The Arctic heats at twice the speed of the rest of the planet because of the warming Gulf Stream, hotter summers, and the albedo effect.
Such rapid environmental changes at the poles have been tied to the uptick in extreme weather events in recent years. Some researchers have drawn a line of influence between shifts in water and air currents and events like 2012’s Hurricane Sandy, which ravaged the northeastern coast of the U.S., as well as the so-called “Snowmageddon” winter disasters of 2009 in Canada and 2010 in the U.S.
Of all the dangers associated with melting polar ice, this facet of polar climate change is in some ways the most worrying. Because millennia-old ice packs froze over long periods of time, remnants of what was in the atmosphere then is now captured in the ice – and they are released as it melts. Prominent among the chemical compounds found embedded in ice are the well-known greenhouse gases carbon dioxide (CO2) and methane (CH4).
Of course, CO2 is abundant – humans exhale it, trees absorb it as they grow – but excess amounts of the gas are known to collect in the atmosphere and keep Earth’s radiant heat trapped in the upper atmosphere, unable to escape.
If the release of large amounts of CO2 and CH4 isn’t disturbing enough for you, think about this: An even more insidious danger is present in melting ice. Viruses, bacteria, and other infectious biological agents can easily be released as solid ice turns to liquid and gas. Researchers have determined that bacteria frozen for lengths of time from tens of thousands to millions of years can be revived and become active, and potentially deadly, upon warming.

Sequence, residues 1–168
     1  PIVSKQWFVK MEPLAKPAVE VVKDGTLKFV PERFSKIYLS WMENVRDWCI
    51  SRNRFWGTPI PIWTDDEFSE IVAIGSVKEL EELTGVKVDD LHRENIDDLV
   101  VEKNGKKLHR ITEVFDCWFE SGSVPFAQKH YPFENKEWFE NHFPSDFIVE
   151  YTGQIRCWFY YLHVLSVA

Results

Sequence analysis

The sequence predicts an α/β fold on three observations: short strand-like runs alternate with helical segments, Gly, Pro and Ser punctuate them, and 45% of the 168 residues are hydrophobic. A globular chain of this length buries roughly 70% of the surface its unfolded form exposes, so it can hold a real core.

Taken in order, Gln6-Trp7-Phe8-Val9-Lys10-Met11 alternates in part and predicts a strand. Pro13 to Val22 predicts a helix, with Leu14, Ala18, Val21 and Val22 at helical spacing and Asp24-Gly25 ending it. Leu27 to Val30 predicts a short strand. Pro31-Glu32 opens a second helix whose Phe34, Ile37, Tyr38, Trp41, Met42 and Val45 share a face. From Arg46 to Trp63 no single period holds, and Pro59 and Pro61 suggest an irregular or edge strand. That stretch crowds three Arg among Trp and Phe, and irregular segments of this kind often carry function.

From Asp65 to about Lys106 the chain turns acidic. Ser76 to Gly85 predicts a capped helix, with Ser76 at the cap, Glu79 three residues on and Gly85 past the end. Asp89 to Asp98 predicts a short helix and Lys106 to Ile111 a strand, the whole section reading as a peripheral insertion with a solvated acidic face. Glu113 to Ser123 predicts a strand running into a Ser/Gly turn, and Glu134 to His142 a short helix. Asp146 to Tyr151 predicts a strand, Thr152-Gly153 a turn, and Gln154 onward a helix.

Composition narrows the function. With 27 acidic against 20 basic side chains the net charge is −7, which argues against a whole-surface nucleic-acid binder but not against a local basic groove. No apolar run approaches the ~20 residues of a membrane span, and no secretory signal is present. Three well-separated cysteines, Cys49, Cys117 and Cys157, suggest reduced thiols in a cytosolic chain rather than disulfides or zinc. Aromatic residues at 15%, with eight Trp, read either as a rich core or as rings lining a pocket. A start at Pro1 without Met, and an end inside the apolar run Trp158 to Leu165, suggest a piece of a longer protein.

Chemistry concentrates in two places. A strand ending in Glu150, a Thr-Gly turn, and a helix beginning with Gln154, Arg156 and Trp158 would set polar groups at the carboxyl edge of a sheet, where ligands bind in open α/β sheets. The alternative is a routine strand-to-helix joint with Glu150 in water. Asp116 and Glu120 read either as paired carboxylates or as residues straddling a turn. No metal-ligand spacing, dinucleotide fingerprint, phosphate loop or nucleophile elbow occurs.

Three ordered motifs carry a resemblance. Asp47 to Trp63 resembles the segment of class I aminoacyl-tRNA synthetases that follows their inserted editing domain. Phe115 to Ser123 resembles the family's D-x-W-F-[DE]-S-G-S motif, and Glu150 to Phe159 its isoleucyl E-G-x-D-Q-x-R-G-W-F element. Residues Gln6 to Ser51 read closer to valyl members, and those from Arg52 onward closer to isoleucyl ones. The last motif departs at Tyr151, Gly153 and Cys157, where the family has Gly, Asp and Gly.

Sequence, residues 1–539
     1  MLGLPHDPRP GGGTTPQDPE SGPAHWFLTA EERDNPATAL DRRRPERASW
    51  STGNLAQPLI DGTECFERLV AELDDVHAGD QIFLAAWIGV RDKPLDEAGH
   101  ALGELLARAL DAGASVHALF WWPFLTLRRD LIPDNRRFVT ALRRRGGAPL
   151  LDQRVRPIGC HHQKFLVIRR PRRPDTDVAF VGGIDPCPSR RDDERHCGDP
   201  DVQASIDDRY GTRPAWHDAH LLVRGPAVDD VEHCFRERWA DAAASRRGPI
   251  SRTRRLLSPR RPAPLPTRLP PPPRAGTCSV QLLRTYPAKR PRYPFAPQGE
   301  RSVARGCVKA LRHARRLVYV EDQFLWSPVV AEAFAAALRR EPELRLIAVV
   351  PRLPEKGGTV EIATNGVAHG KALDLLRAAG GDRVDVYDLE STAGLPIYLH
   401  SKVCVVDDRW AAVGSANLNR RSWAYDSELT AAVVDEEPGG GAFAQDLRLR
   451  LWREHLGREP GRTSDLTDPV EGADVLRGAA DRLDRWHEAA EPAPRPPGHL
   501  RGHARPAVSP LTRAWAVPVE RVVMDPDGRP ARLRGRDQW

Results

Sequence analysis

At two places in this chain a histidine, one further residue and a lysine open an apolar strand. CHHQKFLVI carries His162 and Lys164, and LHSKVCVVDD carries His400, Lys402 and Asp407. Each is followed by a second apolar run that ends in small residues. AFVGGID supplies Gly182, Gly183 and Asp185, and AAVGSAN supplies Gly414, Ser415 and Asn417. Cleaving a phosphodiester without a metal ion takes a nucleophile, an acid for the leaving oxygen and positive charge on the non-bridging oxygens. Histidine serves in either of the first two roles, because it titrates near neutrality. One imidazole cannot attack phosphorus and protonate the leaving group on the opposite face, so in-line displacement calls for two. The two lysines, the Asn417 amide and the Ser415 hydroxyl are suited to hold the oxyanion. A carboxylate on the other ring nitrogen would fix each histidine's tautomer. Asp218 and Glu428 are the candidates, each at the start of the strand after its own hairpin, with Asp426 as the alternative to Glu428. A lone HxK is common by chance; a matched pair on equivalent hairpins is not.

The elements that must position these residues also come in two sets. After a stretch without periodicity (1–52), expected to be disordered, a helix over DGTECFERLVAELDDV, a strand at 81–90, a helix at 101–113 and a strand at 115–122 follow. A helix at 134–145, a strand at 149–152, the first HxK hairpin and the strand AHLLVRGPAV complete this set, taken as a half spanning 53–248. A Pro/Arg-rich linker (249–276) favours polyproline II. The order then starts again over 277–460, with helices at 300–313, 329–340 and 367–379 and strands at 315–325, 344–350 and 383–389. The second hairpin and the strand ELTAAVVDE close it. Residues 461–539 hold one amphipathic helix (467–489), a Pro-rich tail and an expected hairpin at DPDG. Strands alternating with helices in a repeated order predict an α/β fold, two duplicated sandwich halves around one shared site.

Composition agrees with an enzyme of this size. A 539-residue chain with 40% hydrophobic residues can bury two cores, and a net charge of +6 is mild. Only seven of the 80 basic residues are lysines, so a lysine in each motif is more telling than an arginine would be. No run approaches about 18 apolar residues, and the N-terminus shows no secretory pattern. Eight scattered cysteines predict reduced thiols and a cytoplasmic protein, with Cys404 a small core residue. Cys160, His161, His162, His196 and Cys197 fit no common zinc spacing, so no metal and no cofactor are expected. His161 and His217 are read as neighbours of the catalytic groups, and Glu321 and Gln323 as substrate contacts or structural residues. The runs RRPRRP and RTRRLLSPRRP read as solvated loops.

Permafrost melting and exposing formerly frozen tundra have been implicated in a Siberian boy’s death from anthrax poisoning. Researchers theorize that a 2016 heat wave exposed the carcass of a reindeer that was infected with anthrax from 75 years earlier. The release of the airborne toxin killed the child and 2,000 deer within a matter of weeks.
What else may be released into the surrounding atmosphere by the melting of long-frozen ice sheets and sea ice? The answer is unknown and concerning.
The polar regions serve as vast air conditioning systems to help regulate and stabilize Earth’s climate. Diminishing ice and snow at the poles now portend that the poles may be in the process of transforming from stabilizers of climate to engines of climate change in themselves. One facet of this harbinger of change is the increase in water vapor rising above the poles as a consequence of warming. This is, in part, responsible for potential changes in ocean circulation.
Warm surface water is carried north from the tropics to the Arctic, resulting in a temperate climate for much of Europe. The addition of cold, moist air and freshwater runoff from ice packs into this ocean circulation is projected to disrupt the system within this century.